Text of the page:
Calgary, October 3, 2018 – With farm equipment chipping or tuning becoming more widespread, equipment dealers in Western Canada are encouraging farmers to think twice.
The Western Equipment Dealers Association (WEDA) today launched an awareness campaign to highlight the risks of chipping. The campaign theme asks, “Who pays the bill for chipped equipment?”, and is communicated through a brochure, poster, other in-dealership materials, and social media.
According to WEDA CEO John Schmeiser, equipment dealers have grown increasingly concerned about the chipping trend in recent years.
“The idea is to alter the operating software for a piece of farm equipment, to run it at higher horsepower, torque or groundspeed, or to modify emission controls,” says Schmeiser. “Equipment chipping can be done for far less than the price of buying higher-capacity equipment, so you can understand that an equipment owner would listen to that.”
As WEDA’s chipping awareness campaign highlights, however, chipping creates at least three unwelcome consequences. First, equipment manufacturers will void the warranty if operating or emissions software is removed or modified. Second, if equipment is run at higher horsepower, temperature or groundspeed than it was designed for, it won’t last as long as it should. Finally, altering or removing DEF emissions systems is illegal in Canada and the U.S.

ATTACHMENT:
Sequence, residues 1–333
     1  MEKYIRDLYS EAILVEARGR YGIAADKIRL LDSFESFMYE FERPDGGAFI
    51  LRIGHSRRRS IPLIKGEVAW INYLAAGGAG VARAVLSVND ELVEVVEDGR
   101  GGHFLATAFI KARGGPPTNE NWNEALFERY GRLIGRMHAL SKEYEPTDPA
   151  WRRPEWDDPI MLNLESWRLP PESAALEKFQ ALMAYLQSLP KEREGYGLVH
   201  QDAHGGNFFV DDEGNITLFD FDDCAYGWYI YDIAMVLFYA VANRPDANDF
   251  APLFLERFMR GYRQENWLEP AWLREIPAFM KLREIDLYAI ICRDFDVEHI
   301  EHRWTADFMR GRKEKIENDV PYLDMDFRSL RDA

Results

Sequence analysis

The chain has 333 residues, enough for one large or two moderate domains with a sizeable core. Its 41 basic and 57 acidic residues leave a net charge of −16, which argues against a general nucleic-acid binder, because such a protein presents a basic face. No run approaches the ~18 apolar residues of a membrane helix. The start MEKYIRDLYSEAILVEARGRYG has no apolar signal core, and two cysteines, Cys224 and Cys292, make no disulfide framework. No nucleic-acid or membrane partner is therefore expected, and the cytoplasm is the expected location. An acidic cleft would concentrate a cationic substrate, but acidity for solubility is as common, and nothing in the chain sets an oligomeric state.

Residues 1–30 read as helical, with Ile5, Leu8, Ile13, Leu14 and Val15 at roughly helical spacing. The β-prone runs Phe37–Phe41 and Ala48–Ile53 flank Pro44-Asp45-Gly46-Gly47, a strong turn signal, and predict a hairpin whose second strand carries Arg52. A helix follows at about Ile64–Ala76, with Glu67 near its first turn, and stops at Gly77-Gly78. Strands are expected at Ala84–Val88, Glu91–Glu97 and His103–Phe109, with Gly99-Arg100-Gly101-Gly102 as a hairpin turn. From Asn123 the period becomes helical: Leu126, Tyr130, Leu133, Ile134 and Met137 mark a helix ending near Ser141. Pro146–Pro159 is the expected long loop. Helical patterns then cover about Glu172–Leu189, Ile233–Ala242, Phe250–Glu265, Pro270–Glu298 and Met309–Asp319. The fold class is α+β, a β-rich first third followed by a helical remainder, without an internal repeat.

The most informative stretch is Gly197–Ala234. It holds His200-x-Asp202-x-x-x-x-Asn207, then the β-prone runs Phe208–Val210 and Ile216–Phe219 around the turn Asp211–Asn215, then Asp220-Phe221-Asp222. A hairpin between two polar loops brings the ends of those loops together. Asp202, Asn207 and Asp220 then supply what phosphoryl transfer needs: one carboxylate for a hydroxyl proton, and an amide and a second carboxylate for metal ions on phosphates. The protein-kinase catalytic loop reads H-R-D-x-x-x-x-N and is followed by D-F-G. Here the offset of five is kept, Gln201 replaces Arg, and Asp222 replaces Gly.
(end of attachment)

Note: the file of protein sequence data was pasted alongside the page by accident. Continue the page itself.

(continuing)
Schmeiser notes that many Canadian dealers have seen equipment come in for service with engine or drivetrain failures, problems they believe would not have occurred if that equipment was operated within engineered ranges. With the warranty gone, the farmer is left to pay the repair bill, which could be as high as $100,000.
“We also have serious concern about chipped equipment coming in on trade,” says Schmeiser. “If the equipment’s been run harder than it should be, the next owner could see performance problems or a shorter lifespan for that equipment than they paid for. And that’s just not fair.”
Whether it’s a lost warranty, chipping-related repair costs, compromised trade-in values or legal risk, the ultimate cost of chipping is borne by a farmer. It could be the equipment’s original owner or a farmer who buys that chipped equipment later, even a neighbor.
WEDA’s chipping awareness campaign encourages farmers to examine the risks before they have equipment chipped.
“We respect the fact that it’s their equipment and their decision,” says Schmeiser. “Our position is that, when you consider the risks of chipping, we just don’t think it’s worth it.”
For more information on chipping and WEDA’s position read the first in a series of blog posts here.
Marketing Communications Director
Western Equipment Dealers Association